See You Later
This should be the last major communication you should have from me for the next two months. My sabbatical is officially October 1 through November 30. During that period of time, I’m going to try to limit my communication and available as much as possible. The Church Board’s letter explained the way to get in touch in the case of an emergency. I do hope for rest and some time with Josanne. She’s in need of a break as well, so for the first week of my sabbatical, we’ll be going away together.
You probably have noticed that I tend to end my E-grams, E-bulletin, my emails, even when I’m in person and leaving with the phrase, “God bless.” It occurred to me that it might be good to explain where that comes from. When I lived in the Dominican Republic, the common thing you would say to someone when you were parting was, “Dios te bendiga”—God bless you. At first, I thought, that’s just kind of rote thing that people say without really thinking about it and it kind of bothered me. But then, when I would come back to the US, it made me aware of the things that we say when we are parting. When I would visit a congregation to present our ministry, when I was leaving, people would often say, “Good luck!” Now, I’m not criticizing this, but my point is that we don’t think much about what we say when we part. I’d often think, and sometimes I’d say, “luck doesn’t have anything to do with it!” Here I was a missionary, doing what I believed God was calling me to do. I was asking for prayers as God made a way for us to serve there. I don’t think God’s calling has to do with luck. So, from that time on, my normal thing to say when parting is, “God bless!”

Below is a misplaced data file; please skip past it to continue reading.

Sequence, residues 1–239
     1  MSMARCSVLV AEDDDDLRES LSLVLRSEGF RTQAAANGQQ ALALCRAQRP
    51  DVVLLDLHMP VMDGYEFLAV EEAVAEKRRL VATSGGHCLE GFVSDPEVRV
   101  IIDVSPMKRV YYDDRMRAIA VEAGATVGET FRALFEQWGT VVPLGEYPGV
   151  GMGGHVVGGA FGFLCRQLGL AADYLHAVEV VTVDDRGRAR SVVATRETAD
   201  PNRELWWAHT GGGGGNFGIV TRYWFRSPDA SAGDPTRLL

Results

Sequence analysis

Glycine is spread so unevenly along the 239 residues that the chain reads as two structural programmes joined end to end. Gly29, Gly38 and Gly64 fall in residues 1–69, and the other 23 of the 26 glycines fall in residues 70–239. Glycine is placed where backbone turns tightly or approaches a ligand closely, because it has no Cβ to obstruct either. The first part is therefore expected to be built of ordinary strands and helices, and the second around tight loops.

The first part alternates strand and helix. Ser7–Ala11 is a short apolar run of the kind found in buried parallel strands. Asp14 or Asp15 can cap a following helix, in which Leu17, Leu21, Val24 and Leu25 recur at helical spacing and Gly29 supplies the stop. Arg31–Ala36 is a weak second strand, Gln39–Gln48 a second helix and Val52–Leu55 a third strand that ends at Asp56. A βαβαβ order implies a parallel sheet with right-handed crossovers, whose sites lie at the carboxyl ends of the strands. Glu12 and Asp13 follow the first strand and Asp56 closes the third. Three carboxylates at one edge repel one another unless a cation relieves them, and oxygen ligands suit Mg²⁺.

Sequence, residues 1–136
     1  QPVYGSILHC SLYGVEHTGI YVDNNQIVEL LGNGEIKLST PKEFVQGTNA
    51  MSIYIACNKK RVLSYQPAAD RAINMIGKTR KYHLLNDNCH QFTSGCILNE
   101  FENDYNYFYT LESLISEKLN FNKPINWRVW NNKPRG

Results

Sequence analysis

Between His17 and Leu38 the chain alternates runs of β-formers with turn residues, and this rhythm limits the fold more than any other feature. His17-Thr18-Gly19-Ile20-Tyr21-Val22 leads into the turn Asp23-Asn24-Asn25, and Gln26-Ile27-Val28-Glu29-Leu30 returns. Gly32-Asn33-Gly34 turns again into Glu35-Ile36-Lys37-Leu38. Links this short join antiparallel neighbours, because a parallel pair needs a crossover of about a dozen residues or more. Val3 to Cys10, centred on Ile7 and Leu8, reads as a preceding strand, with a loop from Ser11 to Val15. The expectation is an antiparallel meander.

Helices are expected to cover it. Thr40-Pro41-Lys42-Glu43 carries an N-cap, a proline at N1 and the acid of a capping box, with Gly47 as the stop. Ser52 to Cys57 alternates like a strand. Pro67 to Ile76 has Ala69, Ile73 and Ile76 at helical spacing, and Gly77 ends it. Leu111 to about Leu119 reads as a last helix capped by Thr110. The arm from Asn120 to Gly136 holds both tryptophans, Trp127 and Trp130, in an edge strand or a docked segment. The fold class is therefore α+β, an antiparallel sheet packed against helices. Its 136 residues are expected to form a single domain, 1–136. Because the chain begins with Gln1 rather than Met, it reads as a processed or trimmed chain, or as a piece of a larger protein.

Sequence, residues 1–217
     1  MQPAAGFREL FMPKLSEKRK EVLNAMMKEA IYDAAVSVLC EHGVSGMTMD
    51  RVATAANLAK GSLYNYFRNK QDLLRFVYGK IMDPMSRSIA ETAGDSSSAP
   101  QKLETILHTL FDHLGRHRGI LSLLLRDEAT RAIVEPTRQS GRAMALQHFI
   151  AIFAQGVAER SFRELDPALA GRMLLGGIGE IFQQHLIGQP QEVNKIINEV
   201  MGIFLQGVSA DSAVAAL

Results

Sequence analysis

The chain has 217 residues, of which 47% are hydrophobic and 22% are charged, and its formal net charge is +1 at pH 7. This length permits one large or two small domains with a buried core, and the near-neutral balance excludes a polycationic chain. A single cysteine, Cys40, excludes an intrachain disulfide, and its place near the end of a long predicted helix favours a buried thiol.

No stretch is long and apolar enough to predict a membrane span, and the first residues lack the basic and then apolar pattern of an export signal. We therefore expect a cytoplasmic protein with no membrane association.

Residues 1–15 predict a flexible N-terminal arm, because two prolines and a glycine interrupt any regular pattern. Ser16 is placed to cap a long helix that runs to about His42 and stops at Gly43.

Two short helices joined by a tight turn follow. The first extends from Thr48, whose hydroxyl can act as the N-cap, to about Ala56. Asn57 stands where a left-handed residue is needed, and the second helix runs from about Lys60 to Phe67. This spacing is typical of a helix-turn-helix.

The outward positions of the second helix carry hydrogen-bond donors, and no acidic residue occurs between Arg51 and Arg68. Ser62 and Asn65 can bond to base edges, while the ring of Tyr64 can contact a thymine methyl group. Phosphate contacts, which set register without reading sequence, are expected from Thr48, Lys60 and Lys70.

I’ll continue to pray for the members of NDMC and for the congregation as a whole during my absence. I hope that you’ll pray for me. All of us find ourselves as followers of Christ in God’s hands. I will see you later, and I look forward to hearing the way that God has worked in all of our lives in the intervening time.
Dios te bendiga—God bless you! Brian